Under Federal Rule of Civil Procedure 12(b)(6), a district court must dismiss a complaint if it fails to state a claim upon which relief can be granted. To survive a Rule 12(b)(6) motion to dismiss, the plaintiff must allege " enough facts to state a claim to relief that is plausible on its face." Bell A. Corp. v. Twombly, 550 U.S. 544, 570, 127 S.Ct. 1955, 167 L.Ed.2d 929 (2007). This " facial plausibility" standard requires the plaintiff to allege facts that add up to " more than a sheer possibility that a defendant has acted unlawfully." Ashcroft v. Iqbal, 556 U.S. 662, 678, 129 S.Ct. 1937, 173 L.Ed.2d 868 (2009). While courts do not require " heightened fact pleading of specifics, " a plaintiff must allege facts sufficient to " raise a right to relief above the speculative level." Twombly, 550 U.S. at 544, 555.

In deciding whether the plaintiff has stated a claim upon which relief can be granted, the court must assume that the plaintiff's allegations are true and must draw all reasonable inferences in the plaintiff's favor. See Usher v. City of Los Angeles, 828 F.2d 556, 561 (9th Cir. 1987). However, the court is not required to accept as true " allegations that are merely conclusory, unwarranted deductions of fact, or unreasonable inferences." In re Gilead Scis. Sec. Litig., 536 F.3d 1049, 1055 (9th Cir. 2008).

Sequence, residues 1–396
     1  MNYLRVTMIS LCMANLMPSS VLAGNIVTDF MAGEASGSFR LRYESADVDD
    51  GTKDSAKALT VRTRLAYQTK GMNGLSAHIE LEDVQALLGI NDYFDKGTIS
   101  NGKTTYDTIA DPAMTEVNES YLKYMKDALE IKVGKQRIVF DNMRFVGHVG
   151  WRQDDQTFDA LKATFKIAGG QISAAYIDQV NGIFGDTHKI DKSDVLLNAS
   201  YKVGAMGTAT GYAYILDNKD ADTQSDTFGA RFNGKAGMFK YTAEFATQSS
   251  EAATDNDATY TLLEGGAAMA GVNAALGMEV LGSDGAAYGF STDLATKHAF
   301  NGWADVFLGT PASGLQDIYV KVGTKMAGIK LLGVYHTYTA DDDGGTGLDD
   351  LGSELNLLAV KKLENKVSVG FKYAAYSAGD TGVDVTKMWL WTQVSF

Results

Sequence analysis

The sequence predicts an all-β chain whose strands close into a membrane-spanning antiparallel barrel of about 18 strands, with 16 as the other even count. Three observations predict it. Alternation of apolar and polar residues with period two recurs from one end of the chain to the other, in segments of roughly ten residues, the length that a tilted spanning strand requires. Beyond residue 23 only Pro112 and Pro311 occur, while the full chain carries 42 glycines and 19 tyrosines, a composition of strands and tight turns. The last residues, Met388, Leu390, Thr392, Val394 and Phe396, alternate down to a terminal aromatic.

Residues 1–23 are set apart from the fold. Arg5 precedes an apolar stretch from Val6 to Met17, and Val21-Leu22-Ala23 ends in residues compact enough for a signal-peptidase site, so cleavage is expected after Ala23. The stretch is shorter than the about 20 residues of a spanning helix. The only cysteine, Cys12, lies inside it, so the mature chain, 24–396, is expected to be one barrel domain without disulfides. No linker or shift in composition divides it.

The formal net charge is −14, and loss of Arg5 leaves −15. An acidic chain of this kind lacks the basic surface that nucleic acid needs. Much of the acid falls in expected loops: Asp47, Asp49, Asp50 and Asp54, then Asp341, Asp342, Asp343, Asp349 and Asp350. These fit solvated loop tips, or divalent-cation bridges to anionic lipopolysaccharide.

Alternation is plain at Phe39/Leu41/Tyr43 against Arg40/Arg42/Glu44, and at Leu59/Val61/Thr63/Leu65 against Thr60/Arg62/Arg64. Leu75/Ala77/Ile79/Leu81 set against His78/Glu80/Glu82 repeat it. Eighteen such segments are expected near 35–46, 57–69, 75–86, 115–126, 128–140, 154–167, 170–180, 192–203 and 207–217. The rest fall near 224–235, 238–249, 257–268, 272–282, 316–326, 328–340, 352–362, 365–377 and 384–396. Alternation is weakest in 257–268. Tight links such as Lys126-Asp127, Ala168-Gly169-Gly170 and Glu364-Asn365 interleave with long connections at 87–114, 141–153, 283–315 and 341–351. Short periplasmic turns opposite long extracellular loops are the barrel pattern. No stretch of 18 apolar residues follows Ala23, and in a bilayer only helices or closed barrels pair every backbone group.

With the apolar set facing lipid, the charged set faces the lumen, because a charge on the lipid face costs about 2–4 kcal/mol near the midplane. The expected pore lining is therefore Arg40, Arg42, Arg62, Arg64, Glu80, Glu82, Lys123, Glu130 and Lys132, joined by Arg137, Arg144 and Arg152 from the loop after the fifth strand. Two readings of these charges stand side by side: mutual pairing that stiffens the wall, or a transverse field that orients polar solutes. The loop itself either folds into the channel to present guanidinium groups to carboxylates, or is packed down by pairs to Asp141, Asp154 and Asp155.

Pro se complaints are held to " less stringent standards than formal pleadings drafted by lawyers." Haines v. Kerner, 404 U.S. 519, 520, 92 S.Ct. 594, 30 L.Ed.2d 652 (1972). Where a plaintiff is proceeding pro se, the Court has an obligation to construe the pleadings liberally and to afford the plaintiff the benefit of any doubt. Bretz v. Kelman, 773 F.2d 1026, 1027 n.1 (9th Cir. 1985) (en banc). However, pro se pleadings must still allege facts sufficient to allow a reviewing court to determine whether a claim has been stated. Ivey v. Bd. of Regents of Univ. of Alaska, 673 F.2d 266, 268 (9th Cir. 1982). If the Court dismisses the complaint, it must then decide whether to grant leave to amend. The Ninth Circuit has " repeatedly held that a district court should grant leave to amend even if no request to amend the pleading was made, unless it determines that the pleading could not possibly be cured by the allegation of other facts." Lopez v. Smith, 203 F.3d 1122, 1130 (9th Cir. 2000) (citations and internal quotation marks omitted).



A. Legal Standard